City of Saline Targeting 2025 for Mill Pond River Walk Project
At Monday's meeting, Saline City Council began spending some of the more than $1,000,000 in grant funding the city acquired to build a river walk connecting US-12 with Mill Pond Park's Bennett Street parking lot.
Council voted 6-0 to approve a $63,200 professional services agreement with the Spicer Group. The company will provide grant administration, a topographical survey, geotechnical investigation, and design and bidding services. Their services are $13,000 more than expected due to reporting requirements attached to the $800,000 SEMCOG grant that makes the project possible.
City Engineer Tesha Humphriss estimated the project would begin in 2025.
Along with the $800,000 from SEMCOG, the project was boosted by $240,000 from the Washtenaw County Connecting Communities Program and $45,000 from the Community Foundation for Southeast Michigan.
Mayor Brian Marl said he was excited to see the work begin - especially since the entire project was expected to be funded without impacting the city's general fund. Marl called Mill Pond Park "arguably" Saline's nicest park and said it was one of the nicest parks in the county.
"The Saline River and the Mill Pond are, in my judgment, some of our greatest natural assets in the community, and we haven't done historically as good a job as we could have done leveraging those. So that's the genesis for the Mill Pond River Walk," Marl said.
Marl hopes the project will improve people's experiences at the park. He said he recently walked his dog along the river in the park.
"I apologize for the expression, but it sucked. The topography is beautiful, especially in the spring, summer, and fall, but it is so wet and really quite difficult to traverse. So, I'm excited to see that we're taking the next step and I think it will be a phenomenal addition to the community circa 2026 when this project is complete," Marl said.
But despite the excitement over the project - some realities present challenges.
One of those realities is the soil. Humphriss said the city had conducted three borings and one validated her concern about the land. She said the organic content in the soil showed it was unlikely that the land would support even a non-motorized path. The borings led city officials to expect more settling in recent years. Aerial photos studied by Humpriss showed much of the swamp land in the area was replaced by grassy land near the dog park today. She said most of that land is fill - likely excavated during the construction of the Saline Hospital.
"That’s the bad soil we shouldn’t be putting asphalt on top of," Humphriss said.
So when the river walk is built, it may not be as close to the river as expected. Instead, it may be a little closer to the tree line, where the land is "higher and drier."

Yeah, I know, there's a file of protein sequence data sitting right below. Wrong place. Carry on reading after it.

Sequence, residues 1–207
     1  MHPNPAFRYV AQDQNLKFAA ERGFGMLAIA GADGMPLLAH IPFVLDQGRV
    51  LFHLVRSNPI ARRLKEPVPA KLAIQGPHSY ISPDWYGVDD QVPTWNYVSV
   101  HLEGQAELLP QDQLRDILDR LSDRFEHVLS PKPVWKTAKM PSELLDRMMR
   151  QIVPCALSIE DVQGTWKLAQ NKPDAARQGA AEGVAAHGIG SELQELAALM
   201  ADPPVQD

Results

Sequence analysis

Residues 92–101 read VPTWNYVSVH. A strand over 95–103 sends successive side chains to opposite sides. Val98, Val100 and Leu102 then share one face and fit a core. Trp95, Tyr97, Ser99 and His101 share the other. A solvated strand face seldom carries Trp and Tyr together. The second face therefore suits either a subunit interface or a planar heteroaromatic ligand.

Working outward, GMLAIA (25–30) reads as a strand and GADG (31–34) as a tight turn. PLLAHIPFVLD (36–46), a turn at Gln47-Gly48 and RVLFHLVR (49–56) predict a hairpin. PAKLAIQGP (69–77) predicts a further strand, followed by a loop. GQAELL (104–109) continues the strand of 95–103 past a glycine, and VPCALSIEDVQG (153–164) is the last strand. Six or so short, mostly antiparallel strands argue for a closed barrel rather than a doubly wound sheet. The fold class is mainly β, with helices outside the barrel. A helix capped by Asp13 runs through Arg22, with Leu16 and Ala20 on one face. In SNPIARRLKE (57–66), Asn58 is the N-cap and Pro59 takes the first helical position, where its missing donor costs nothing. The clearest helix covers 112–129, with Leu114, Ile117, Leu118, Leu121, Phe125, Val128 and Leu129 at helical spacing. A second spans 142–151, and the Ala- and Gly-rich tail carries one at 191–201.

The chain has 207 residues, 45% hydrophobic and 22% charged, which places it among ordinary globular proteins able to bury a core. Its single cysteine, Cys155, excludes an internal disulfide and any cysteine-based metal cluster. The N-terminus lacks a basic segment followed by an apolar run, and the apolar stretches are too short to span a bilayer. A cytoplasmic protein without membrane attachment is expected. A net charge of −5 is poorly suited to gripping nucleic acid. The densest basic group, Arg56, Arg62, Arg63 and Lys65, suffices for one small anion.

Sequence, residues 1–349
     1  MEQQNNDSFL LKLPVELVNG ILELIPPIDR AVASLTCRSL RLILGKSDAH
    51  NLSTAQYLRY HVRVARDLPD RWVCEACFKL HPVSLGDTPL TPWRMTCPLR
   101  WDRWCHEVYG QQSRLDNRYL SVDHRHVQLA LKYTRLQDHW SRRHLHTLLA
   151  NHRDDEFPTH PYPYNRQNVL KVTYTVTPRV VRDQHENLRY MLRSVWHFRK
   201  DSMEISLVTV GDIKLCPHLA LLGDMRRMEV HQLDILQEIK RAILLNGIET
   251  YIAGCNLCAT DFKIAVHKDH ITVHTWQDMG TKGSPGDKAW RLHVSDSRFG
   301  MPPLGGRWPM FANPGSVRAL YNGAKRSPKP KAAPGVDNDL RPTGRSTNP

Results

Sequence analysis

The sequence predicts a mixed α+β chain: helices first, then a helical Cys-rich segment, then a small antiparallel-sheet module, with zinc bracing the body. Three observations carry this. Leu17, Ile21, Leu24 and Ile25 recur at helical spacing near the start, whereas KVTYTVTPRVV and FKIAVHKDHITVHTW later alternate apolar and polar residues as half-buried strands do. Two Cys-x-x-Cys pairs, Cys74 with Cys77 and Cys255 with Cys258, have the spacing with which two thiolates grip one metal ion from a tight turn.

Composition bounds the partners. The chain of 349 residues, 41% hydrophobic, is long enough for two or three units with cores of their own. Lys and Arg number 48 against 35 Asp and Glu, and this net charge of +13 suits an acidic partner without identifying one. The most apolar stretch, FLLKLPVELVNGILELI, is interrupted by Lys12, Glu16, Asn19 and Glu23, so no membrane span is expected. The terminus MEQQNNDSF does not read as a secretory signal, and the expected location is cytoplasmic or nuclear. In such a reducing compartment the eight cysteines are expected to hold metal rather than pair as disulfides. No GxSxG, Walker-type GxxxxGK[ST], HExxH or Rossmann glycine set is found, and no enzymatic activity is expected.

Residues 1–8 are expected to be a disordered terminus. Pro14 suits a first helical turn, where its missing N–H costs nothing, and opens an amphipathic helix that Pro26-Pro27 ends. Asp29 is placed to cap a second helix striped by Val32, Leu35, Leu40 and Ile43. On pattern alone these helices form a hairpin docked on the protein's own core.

There's another reason for that.
No one knows where the river will be in 2026 and years beyond.
City Council has considered the future of the dam that contains Mill Pond. Councillor Janet Dillon asked how discussions about the dam's future play into this project.
"Building a path along the side of a river which may no longer be there seems counterproductive," Dillon said.
However, Humphriss said, action on the dam is still "many, many, many years in the future."
In an eye-opening statement, Humphriss stated that she anticipates the dam will fail its inspection in 2026.
"And that's what's really going to require us to get really serious about it," Humphriss said.
So, there's another reason to move the river walk a little further from shore.
(Note, after publication, City Manager Colleen O'Toole provided this context about the expectation that the dam will fail its inspection:
EGLE is currently in the process of adopting updated regulations that will account for larger storm events and increased spillway capacity requirements. The City received confirmation in January that the updated regulations will not apply to our 2023 inspection. Assuming they are adopted at some point though, those new regulations would impact our 2026 inspection. If that were the case, our existing spillway capacity would not meet their requirements.)
In addition, the river walk path is very similar to the path for the west belt sewer, which will be improved in 2025.
Councillor Dean Girbach, concerned about the potential for "ripping up" a river walk soon after it was built, asked about staging these projects. Girbach said the sewer project was the higher priority.
Humphriss agreed. She noted that the plan is to complete the west belt sewer upgrade before the riverwalk project begins.
Grant language requires funds be obligated by the fall of 2024.
"The coordination (of these projects) needs to be tight," Girbach said.
The river walk is just part of what's planned for Saline in the coming years, in terms of non-motorized paths. The master plan also shows the path connecting to Curtiss Park, via a proposed safe pedestrian crossing. The Curtiss Park trail would connect to People's Park. Another portion of the path would connect to Salt Springs Park and then to Wilderness Park. North of the park, plans show the paths behind Brecon Village and also traveling east toward the Depot Trail, and then connecting to a proposed path along the railway toward Saline High School.
But, as Humphriss said, talking about the plan's proposed path north of the park, "they're just lines on a map."